For example, the “special safeguard measures” provided for in Article 5 of the WTO Agreement on Agriculture and the “transitional safeguards” provided for in Article 6 of the WTO Agreement on Textiles and Clothing apply only to agricultural or textile products. See chapters 6 and 9 of this book. Once a security measure has been implemented, it will have to be progressively liberalised over time. Protective measures cannot normally last more than four years, but they can be extended for a maximum of eight years if the country implementing the protection measure deems it necessary to prevent or repair serious damage. Developing countries can maintain security measures for up to ten years. All safeguard measures require the payment of compensation — in the form of substantially equivalent trade concessions — for each implementation after three years. Yes. If you draw attention to protective measures that have had a negative impact on your company`s export activities or that may do so, please contact the Office of Trade Agreements Negotiations and Compliance hotline at the U.S. Department of Commerce.

The U.S. government has information and support for U.S. companies that believe they have been harmed by a WTO member country`s non-compliance with this agreement. While it cannot guarantee that your problem can be resolved, the U.S. government may, if necessary, discuss the specific facts of your situation with officials in the other country concerned. Under the WTO rules set out in this agreement, WTO member states must conduct an investigation before they can apply a safeguard measure and must formally establish that imports of the product are affecting or threatening to seriously affect a domestic industry. Countries are also required to publicly inform all interested parties of their intention to apply a safeguard measure and to give exporters the opportunity to present their views. The importing country must first publicly inform all interested parties of the proposed protective measure and give them the opportunity to comment. A country`s notification procedure usually requires the publication of the proposed measure in its Official Gazette (the equivalent of the Federal Register). Companies that may be affected by the proposed protection measure can also be contacted directly.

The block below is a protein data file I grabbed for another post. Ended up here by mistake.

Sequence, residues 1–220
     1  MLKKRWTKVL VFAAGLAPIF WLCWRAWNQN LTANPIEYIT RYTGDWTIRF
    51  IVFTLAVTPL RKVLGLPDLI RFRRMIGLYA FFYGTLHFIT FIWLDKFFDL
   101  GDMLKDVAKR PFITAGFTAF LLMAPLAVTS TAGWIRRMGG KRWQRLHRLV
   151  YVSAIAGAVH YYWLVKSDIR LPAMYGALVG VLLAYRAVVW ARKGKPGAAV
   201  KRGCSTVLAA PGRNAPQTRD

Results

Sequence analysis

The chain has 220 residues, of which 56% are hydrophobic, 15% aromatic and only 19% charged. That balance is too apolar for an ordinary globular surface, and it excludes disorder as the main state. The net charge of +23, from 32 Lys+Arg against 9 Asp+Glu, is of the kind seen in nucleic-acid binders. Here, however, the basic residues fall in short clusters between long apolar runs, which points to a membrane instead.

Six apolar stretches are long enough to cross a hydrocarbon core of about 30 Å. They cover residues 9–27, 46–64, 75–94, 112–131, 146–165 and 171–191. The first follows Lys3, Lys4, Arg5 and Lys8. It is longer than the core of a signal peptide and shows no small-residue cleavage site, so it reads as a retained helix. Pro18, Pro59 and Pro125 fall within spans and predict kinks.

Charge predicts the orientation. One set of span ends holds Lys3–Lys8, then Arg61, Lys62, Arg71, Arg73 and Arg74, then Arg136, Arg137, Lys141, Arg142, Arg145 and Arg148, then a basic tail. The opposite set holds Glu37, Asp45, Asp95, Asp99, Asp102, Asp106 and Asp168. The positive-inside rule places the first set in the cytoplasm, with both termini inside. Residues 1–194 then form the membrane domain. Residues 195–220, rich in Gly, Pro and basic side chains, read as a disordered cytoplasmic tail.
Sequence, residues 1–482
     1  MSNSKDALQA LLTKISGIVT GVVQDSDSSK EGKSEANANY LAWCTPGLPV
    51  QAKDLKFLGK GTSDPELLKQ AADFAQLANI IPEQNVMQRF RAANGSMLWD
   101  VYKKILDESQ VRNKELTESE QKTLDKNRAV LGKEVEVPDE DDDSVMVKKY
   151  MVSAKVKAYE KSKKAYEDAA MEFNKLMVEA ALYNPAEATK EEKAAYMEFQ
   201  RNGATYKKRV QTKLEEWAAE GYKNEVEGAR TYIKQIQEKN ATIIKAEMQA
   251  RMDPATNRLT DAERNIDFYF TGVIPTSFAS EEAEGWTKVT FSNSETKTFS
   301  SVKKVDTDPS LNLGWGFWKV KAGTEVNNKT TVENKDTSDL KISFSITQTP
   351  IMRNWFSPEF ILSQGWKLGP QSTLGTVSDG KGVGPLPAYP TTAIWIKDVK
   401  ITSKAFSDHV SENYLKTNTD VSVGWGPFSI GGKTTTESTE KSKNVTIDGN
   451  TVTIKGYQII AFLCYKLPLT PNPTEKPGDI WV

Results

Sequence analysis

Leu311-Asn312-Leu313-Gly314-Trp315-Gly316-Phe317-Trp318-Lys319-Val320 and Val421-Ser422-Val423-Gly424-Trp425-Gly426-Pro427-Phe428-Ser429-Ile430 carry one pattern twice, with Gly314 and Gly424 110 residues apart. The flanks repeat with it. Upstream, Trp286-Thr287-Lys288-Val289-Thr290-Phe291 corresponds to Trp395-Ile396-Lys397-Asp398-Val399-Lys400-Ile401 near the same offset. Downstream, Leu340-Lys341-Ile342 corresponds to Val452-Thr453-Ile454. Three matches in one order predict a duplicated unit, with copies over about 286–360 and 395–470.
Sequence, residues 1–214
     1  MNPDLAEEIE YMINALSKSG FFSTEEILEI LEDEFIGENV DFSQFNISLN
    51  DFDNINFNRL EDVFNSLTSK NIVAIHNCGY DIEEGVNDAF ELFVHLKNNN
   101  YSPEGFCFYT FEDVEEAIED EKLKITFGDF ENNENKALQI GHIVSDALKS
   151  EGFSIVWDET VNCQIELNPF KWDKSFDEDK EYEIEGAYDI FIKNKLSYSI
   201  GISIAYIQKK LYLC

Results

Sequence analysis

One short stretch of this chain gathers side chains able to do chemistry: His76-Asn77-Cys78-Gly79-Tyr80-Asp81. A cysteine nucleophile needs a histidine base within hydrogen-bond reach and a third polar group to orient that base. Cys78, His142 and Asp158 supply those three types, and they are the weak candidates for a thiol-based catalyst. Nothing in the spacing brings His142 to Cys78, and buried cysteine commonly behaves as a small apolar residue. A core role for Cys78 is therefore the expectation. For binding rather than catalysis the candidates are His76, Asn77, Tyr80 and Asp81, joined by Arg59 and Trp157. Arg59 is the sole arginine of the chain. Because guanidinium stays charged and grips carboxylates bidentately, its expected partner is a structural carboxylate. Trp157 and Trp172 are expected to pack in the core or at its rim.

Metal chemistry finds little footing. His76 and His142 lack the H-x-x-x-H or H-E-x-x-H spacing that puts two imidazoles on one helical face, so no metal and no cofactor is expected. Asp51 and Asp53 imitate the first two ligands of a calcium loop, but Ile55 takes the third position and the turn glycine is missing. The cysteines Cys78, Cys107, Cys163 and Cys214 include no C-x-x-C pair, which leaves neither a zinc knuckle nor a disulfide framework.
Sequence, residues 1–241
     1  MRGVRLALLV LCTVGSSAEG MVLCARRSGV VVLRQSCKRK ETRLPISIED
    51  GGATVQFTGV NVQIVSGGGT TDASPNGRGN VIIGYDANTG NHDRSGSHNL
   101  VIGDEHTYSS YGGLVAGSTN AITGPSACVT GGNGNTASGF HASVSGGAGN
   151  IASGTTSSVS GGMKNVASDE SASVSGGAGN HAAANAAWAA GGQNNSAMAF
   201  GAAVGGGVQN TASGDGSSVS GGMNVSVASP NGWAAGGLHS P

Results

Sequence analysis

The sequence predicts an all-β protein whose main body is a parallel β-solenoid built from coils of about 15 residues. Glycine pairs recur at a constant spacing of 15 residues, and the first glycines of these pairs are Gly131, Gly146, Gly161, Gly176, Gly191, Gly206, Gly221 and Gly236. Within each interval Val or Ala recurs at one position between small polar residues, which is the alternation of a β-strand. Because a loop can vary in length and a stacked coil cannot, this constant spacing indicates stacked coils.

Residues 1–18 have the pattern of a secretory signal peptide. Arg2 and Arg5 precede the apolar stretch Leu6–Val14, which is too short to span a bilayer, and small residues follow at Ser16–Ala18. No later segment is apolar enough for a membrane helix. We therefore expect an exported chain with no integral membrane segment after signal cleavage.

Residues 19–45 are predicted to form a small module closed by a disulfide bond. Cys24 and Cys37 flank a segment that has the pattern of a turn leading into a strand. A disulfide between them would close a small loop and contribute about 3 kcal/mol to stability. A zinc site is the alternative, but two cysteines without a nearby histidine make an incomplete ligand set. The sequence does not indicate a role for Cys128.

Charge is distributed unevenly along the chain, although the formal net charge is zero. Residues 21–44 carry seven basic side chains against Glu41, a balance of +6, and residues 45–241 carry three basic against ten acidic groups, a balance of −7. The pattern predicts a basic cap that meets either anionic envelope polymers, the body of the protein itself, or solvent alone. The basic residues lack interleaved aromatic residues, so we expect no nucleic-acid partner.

The application of the import restrictions provided for in Articles XII and XVIII:B (balance of payments) of the GATT and the Uruguay Round Balance of Payments Agreement does not require injury to a domestic industry. The full text of the WTO Agreement on Safeguard Measures is available in the WTO Agreements Database of the Trade Agreements and Compliance Office. Any WTO member country that initiates an investigation or implements a safeguard measure must communicate its measures to the World Trade Organization`s Safeguard Committee. The United States, which was a member of that committee, is therefore aware of all possible protective measures. The Committee monitors and reports on the implementation of the guarantee agreement and makes recommendations for its improvement. The Agreement entered into force on 1 January 1995. It has no expiration date. There are several ways to learn about possible protective measures in the countries where your company operates. First, your company may be contacted directly by the government considering safeguard measures (especially if your company is a major exporter of the product concerned), or by a company that imports your product. Secondly, you can check the official gazettes of the countries to which you export. Third, you can be contacted by the United States. The government after learning that one of our trading partners had decided to open a protection investigation.

(However, the U.S. government does not publish information about protective measures taken by other countries in the federal registry.) Disputes under the Guarantee Agreement may also be settled by the United States in certain circumstances. . . .